From striking 3D digital avatars, to burqas, bikinis and sustainable garments, RMIT fashion students have risen above COVID-19 restrictions to show their incredible talents during Melbourne Fashion Week.
Melbourne Fashion Week’s Digital Student Runway will showcase 20 RMIT students, including three from the prestigious Bachelor of Fashion (Design), (Honours).
Oscar Keene embraced the virtual format, creating digital avatars wearing non-gendered garment prototypes that will be on show alongside collections by Tijen Bozdemir who explored her family’s Islamic faith through generations in ‘Burqas and Bikinis’, and work by Kristine O’Loughlin created entirely from end-of life garments and scraps from Melbourne Fashion label, Arnsdorf.
Associate Dean Fashion and Textiles and Design, Ricarda Bigolin said she’s been blown away by the 2020 cohort and what they’ve achieved.
“We’ve never seen anything like this before, these students have created amazing work, taught themselves new digital skills and shown outstanding agility and resilience,” she said.
Bigolin said the graduates are well positioned to work in an industry that has fundamentally changed following the pandemic that hit the globe.
“We’re at a point in time that will change fashion design forever. Materials have been scarce as global trade routes and industry production conditions that have often relied on negative and exploitative practices for fast supply have been disrupted,” she said.
“The number of students thinking about these issues and about sustainable practice has skyrocketed this year.
“They are thinking about working in a much more circular way and understanding the lifecycle of products and materials.
“Those completing studies during 2020 have been forced to deal with this new reality since they just haven’t had the same access to materials.
“I’m thrilled that we’ll be seeing incredibly ethical and responsible practitioners emerging.”
Emerging fashion and design talent
Oscar Keene created digital avatars with garments that Bigolin has described as captivating and nothing like they’ve ever seen in the school before.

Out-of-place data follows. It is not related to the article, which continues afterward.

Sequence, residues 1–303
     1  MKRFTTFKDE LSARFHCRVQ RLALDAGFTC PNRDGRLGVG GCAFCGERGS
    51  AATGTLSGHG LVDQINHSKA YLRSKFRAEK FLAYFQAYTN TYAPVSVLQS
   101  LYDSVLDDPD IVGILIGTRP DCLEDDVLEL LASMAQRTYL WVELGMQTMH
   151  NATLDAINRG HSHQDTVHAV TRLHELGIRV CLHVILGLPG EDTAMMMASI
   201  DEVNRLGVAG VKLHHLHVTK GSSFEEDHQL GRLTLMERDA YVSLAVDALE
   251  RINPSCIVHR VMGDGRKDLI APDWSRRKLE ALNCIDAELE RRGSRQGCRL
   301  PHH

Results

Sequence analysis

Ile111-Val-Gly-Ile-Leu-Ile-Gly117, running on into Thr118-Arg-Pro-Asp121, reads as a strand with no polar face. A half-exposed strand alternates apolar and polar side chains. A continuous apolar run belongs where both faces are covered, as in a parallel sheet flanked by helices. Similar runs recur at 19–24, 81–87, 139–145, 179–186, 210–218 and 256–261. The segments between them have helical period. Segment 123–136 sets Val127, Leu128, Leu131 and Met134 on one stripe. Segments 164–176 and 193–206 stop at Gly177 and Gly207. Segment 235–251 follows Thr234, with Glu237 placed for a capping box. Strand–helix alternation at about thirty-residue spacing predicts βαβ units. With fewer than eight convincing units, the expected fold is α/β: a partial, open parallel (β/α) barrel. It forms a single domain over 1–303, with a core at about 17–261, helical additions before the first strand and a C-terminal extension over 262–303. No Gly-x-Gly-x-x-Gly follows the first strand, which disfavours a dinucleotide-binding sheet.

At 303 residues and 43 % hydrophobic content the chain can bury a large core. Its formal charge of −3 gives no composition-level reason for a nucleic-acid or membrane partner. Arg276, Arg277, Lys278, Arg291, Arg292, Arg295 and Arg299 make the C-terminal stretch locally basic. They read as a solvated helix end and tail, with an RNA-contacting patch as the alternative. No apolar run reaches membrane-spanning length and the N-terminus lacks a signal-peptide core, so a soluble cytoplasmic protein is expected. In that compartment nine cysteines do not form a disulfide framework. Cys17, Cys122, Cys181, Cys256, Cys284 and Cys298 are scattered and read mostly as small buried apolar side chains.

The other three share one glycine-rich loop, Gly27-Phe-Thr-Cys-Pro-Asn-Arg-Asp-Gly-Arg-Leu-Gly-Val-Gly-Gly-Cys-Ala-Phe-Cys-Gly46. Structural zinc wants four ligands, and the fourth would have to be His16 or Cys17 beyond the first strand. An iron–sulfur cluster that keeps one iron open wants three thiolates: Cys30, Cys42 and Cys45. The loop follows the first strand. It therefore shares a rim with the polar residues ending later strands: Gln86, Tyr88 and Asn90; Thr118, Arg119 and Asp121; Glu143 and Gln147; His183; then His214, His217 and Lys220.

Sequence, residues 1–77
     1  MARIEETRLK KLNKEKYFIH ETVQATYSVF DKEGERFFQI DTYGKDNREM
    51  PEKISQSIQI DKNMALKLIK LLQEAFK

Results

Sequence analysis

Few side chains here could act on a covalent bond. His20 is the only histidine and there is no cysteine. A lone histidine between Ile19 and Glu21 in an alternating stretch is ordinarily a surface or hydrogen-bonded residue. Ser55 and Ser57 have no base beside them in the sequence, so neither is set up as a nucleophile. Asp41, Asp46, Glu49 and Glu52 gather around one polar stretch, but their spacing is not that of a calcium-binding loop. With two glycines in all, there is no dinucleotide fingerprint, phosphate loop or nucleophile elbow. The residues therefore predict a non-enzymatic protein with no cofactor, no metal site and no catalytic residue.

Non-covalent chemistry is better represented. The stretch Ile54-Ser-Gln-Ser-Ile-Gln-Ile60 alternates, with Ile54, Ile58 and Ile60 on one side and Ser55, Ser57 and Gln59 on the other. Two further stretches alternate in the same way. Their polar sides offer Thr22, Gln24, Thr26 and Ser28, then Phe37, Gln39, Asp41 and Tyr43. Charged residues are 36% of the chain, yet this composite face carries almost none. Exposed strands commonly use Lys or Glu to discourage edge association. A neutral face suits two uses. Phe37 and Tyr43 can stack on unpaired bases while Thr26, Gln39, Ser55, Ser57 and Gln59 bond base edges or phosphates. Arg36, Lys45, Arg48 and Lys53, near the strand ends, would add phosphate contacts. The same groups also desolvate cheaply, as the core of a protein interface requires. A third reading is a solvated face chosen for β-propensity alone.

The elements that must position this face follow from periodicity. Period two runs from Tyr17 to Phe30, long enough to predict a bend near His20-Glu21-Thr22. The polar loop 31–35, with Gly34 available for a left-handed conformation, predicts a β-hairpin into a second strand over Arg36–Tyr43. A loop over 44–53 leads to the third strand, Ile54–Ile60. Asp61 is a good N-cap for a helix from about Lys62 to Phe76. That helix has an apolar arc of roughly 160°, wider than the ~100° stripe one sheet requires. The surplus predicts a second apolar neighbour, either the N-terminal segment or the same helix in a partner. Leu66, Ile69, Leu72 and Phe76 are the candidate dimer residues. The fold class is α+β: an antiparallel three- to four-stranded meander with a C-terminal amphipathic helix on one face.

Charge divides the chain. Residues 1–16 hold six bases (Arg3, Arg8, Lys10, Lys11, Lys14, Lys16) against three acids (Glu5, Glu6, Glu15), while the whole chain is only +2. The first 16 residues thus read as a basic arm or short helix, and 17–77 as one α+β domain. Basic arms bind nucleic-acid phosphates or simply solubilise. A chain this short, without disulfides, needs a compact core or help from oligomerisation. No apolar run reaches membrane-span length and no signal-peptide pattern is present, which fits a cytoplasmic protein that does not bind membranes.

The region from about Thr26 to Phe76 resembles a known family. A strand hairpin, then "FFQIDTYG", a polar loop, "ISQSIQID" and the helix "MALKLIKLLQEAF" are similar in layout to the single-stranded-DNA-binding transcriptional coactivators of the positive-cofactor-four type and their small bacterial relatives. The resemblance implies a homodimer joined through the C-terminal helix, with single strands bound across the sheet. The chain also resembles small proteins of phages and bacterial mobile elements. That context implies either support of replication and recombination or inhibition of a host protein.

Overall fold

Oscar says they strove to create a non-gendered space with their digital fashion garments.
“Everything I made is intended to be non-gendered and I’m trying to create a non-hierarchical relationship between the human body, the environment and the materials,” they said.
“As a designer, it’s so easy to feel like you’re the manipulator of something, but I don’t think that’s altogether true.
“I think the fact is that the things that we interact with have an impact on us as designers and as wearers.
Tijen Bozdemir grew up in a Muslim family and describes her collection as an inquiry into the generational diminishment of religious faith within her family and an insight into her own contemporary Islamic practise.
“In this collection, the intersection of the burqa and the bikini is a way of exploring these themes,” she said.
“I looked at family archives and photos as a source of inspiration and found it interesting that the imagery of my parents and grandparents was less modest than I’d previously imagined.”
Bozdemir said she’s now excited to be showing at Melbourne Fashion Week and looking forward to starting her own business.
“The Graduate Showcase is something that I’ve wanted for six years now so for it to come to fruition, I’m really happy.”
Kristy O’Loughlin is interested in sustainable fashion and circularity and used scraps from fashion label Arnsdorf to produce her garments.
“My collection looked at restoring value to waste, I sourced used end-of-life garments from my local community and manufacturing waste from Arnsdorf, where I’d been an intern,” she said.
“I enjoyed embracing the constraints that using waste gives you and letting that inform my design.
“I had to cut differently, and I did lots of weaving, knitting and quilting scraps together to rebuild the materials to be workable again.
“RMIT has amazing facilities but we weren’t able to use those specialist machines and studios because of pandemic restrictions this year.
“I created a weaving loom out of cardboard at home, and utilised hand knitting as well as using my own sewing machine.
“We’ve all become super adaptable this year and that’s a good skill to learn for life.”
RMIT student Oscar Keene created a digital avatar collection for his final year of studies.
RMIT student Tijen Bozdemir explored the diminishment of her family’s Islamic religious faith through generations in her collection titled ‘Burqas and Bikinis’.
RMIT student Kristine O’Loughlin’s sustainable collection was created entirely from scraps from the Melbourne Fashion label, Arnsdorf and end-of-life garments from her local community.